This is because Elliot is an asshole, and he’s an asshole kind of without realising it. We sympathise deeply with him because the fact that he is the protagonist gives us privileged access to his history and his subjectivity: we know that neglectful parenting has left him craving love and attention, but his classmates and teachers don’t. All they see is an annoying, manipulative know-it-all. And if they did know: well: pity is generally not a good foundation on which to build a friendship. Elliot, crucially, does not get a pass for being the protagonist. We all experience ourselves as protagonists of our own lives; that doesn’t mean we can treat those around us as sidekicks and secondary characters. One of the ends Elliot’s manipulation is often targeted at is the brokering of peace treaties with the non-human races in the lands patrolled by the Border Guards – although Brennan clearly thinks he is right to oppose what amounts to institutional chauvinism, she’s also clear that this doesn’t give him the right to disregard the agency of his peers and teachers.
So, first and foremost, In Other Lands is the story of Elliot growing up; of becoming a person who is worthy of respect, kindness and love both romantic and platonic. It’s a hard road, and Brennan is unflinching in depicting that emotional reality: as someone who went through a similar journey of learning-to-be-a-person later in life than usual, I felt Elliot’s profound loneliness, his despair and rage, and also his passion for the world, his belief that things can be better than they are. I was in tears more than once.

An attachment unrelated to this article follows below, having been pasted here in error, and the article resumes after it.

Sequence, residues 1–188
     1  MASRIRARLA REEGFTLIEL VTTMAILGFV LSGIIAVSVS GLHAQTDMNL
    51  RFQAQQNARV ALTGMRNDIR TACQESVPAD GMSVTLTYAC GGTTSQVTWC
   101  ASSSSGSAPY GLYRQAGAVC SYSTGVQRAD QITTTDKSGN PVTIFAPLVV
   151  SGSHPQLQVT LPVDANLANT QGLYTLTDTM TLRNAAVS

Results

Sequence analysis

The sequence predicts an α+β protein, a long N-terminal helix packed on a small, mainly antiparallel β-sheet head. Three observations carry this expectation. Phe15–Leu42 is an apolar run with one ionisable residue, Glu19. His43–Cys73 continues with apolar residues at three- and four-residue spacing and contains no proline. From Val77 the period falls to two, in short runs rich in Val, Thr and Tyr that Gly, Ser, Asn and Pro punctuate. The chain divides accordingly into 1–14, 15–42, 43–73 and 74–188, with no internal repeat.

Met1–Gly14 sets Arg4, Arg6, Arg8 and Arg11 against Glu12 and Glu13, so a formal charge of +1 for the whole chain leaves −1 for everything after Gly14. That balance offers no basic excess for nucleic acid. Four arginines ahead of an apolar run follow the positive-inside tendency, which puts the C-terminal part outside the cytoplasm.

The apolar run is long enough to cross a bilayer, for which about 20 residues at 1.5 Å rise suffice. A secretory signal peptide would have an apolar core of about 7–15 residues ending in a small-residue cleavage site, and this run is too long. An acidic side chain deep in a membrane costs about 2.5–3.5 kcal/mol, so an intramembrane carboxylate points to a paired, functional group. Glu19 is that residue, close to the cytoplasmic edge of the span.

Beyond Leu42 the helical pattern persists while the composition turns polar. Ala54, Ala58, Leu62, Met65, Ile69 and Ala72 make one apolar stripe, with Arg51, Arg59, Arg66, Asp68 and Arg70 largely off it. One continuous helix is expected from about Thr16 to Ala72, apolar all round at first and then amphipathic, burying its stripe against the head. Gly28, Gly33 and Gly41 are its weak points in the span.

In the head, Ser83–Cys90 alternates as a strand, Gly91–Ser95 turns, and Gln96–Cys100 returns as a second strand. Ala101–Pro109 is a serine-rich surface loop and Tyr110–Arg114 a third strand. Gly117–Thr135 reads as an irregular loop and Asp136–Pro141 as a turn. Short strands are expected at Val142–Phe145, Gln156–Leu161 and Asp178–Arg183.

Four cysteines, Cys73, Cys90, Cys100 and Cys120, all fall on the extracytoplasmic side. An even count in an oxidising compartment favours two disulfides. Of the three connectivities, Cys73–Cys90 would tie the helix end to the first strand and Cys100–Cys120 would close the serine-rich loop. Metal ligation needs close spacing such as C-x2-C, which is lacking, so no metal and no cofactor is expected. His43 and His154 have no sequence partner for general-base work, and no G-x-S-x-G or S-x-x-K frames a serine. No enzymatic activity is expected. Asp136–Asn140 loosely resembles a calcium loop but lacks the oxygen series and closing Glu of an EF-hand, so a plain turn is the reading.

It’s not a perfect novel. (Frankly, my favourite works rarely are.) In what is presumably a relic of its original publication circumstances, In Other Lands is divided into four chunky sections, each corresponding to a year of schooling in the Borderlands; there are no smaller subdivisions of content (i.e., chapters), which, given the fact that the narrative shape of the novel is somewhat digressionary and episodic, makes the pacing feel a little wacky. The prose, too, is nothing to write home about: here, too, the text’s internet origins are on show in the ironic juxtaposition of fantasy setting and modern idiom demonstrated in passages like:
“Elliot was trying to teach himself trollish via a two-hundred-year-old book by a man who’d had a traumatic break-up with a troll. This meant a lot of commentary along the lines of “This is how trolls say I love you. FOOTNOTE: BUT THEY DON’T MEAN IT!””
Fun, but it’s been done before. All over Tumblr.
Nineteen years ago, gamer Michael Suileabhain-Wilson defined five Geek Social Fallacies: a set of beliefs about the overriding importance of friendship and unconditional inclusion that, ironically, often lead to geeky social groups being hotbeds of interpersonal drama that are hostile to outsiders and overly tolerant of missing stairs. As awareness of the ways that geek spaces work to exclude marginalised people has become mainstream, Suileabhain-Wilson’s post has gained significant currency in internet discourse, aided perhaps most notably by the inimitable Captain Awkward. With its irreverent, easy humour and its deconstruction of the hero complex that many YA fantasy protagonists operate under – in texts that have often influenced the values of the kind of geek groups Suileabhain-Wilson talks about – In Other Lands feels like a continuation of the conversation. I’d put it with Kristin Cashore’s Graceling series and Garth Nix’s Old Kingdom books as an example of progressive, modern YA that’s realistic about relationships and the travails of growing up – YA I would have been glad to have on my shelf as a teenager.